Hard Times for TikTok

Corinne Salter

TikTok users nation-wide had another scare last week, as President Donald Trump announced on the morning of Friday, September 18th that people in the United States would no longer be able to download the hit app starting Sunday, September 20th, the app later being fully banned for American users in mid-November. While the threat proved to be empty, due to Trump overestimating his powers as President, this announcement comes after several calls from him to get rid of the sensational social media platform. In early August, the 45th president even went so far as to declare TikTok a “national emergency”, raising questions about this urgency, which coincidentally came soon after users on the app orchestrated a “prank” of sorts, reserving tens of thousands of seats to a Tulsa, Oklahoma Trump rally, only to not attend and shock the president with an empty audience. This sabotage is only a small example of the prevalent anti -Trump rhetoric on TikTok, an app used mostly by Gen Z, a generation known for being uniquely critical of the United States and its government.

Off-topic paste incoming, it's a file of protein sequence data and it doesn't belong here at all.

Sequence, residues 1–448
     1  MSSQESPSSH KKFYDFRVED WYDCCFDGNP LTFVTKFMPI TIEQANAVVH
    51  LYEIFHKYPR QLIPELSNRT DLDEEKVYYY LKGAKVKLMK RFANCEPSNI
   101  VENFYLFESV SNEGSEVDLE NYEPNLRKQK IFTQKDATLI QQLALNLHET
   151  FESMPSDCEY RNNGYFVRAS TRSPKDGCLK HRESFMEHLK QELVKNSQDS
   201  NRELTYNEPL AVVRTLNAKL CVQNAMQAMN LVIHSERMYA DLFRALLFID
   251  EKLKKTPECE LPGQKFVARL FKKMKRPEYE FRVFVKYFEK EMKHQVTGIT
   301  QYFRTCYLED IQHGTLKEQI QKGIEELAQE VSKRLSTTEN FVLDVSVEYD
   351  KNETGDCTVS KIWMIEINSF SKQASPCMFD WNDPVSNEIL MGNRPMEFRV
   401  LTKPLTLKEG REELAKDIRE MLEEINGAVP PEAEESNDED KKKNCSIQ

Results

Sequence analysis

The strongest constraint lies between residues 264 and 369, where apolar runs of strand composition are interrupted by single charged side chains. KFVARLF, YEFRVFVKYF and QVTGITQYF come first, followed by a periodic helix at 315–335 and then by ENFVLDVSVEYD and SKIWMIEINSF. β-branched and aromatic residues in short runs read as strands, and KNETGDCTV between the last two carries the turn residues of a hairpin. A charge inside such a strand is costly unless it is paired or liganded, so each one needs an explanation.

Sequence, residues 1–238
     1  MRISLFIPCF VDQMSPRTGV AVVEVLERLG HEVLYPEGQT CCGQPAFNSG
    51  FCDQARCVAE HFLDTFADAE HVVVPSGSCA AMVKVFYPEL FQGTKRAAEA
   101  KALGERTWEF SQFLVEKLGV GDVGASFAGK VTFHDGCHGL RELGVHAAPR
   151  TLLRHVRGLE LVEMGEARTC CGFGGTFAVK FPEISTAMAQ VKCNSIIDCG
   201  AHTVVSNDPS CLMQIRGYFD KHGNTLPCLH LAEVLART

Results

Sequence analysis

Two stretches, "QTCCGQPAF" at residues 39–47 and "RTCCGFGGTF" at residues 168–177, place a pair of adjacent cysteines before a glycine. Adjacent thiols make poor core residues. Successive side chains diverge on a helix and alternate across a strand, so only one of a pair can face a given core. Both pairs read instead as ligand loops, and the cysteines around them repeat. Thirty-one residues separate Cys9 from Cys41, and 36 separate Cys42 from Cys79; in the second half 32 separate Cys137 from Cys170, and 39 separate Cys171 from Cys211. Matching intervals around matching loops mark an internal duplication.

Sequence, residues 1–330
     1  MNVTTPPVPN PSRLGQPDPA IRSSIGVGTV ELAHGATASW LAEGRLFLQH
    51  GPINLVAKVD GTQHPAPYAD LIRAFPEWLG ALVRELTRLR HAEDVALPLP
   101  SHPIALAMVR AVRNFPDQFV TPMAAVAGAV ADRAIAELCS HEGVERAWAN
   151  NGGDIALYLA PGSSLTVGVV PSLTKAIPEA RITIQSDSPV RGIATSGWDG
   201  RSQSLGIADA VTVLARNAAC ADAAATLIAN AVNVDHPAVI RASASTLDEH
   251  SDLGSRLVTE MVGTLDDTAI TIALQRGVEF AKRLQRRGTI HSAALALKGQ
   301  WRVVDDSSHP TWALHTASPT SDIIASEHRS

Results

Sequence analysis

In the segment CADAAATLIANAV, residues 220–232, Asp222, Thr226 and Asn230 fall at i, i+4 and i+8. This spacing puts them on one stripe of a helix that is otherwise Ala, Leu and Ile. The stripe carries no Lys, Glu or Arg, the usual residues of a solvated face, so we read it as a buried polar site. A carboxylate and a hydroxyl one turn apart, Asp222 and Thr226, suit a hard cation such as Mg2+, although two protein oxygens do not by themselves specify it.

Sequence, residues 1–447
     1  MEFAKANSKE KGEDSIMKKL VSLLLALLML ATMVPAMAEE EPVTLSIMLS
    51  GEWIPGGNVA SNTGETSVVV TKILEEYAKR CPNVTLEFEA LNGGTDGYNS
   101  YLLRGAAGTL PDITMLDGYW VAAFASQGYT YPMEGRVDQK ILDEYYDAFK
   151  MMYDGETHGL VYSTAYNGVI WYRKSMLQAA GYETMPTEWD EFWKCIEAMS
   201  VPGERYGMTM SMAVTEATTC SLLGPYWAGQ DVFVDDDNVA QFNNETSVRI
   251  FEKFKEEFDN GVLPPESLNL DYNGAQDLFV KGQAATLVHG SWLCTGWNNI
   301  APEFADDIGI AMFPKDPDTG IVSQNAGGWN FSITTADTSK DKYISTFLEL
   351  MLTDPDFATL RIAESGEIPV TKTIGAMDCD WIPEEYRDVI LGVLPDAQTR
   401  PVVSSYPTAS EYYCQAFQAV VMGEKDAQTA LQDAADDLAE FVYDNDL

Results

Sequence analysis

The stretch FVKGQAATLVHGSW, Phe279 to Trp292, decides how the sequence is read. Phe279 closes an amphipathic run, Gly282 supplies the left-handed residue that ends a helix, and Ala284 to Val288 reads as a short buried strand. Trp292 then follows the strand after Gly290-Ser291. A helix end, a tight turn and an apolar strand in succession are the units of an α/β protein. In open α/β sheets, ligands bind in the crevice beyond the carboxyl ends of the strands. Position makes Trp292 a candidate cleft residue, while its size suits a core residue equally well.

The US Department of Commerce claims that the Chinese-owned app threatens the “national security, foreign policy, and economy of the US,” but Gen Z is not convinced. “I think it’s the start to an unlawful internet censorship, and its purpose isn’t to keep American security safe,” says Gracie Silverstein, recent graduate of Whitney Young ‘20. Nandi Myhand ‘21, current Whitney Young senior, is taken aback by the extreme focus on such a trivial matter. “There should be more measures in place to protect the country in other, more relevant ways. Why are we so focused on national security and China in times like this?” 


Not only are TikTok users frustrated and confused by this news, but they pre-maturely mourn an app that they have become so attached to. Users praise TikTok for being one of the best social media apps right now, being more convenient and user-friendly than others, and having an algorithm that allows anyone to go viral. Nia Lambert, ’21 felt a connection to TikTok users, “TikTok made me really happy and helped me find people I could relate to. Now that it’s being attacked I’m feeling a sense of disconnect.” Freshman Grace Fitzpatrick ‘24 feels “silenced”, and she is not the only one. Banning apps is toeing the line of censorship, and seems to be infringing upon the freedoms that the United States is so fond of. Watch closely people, and ask yourself, how far is too far?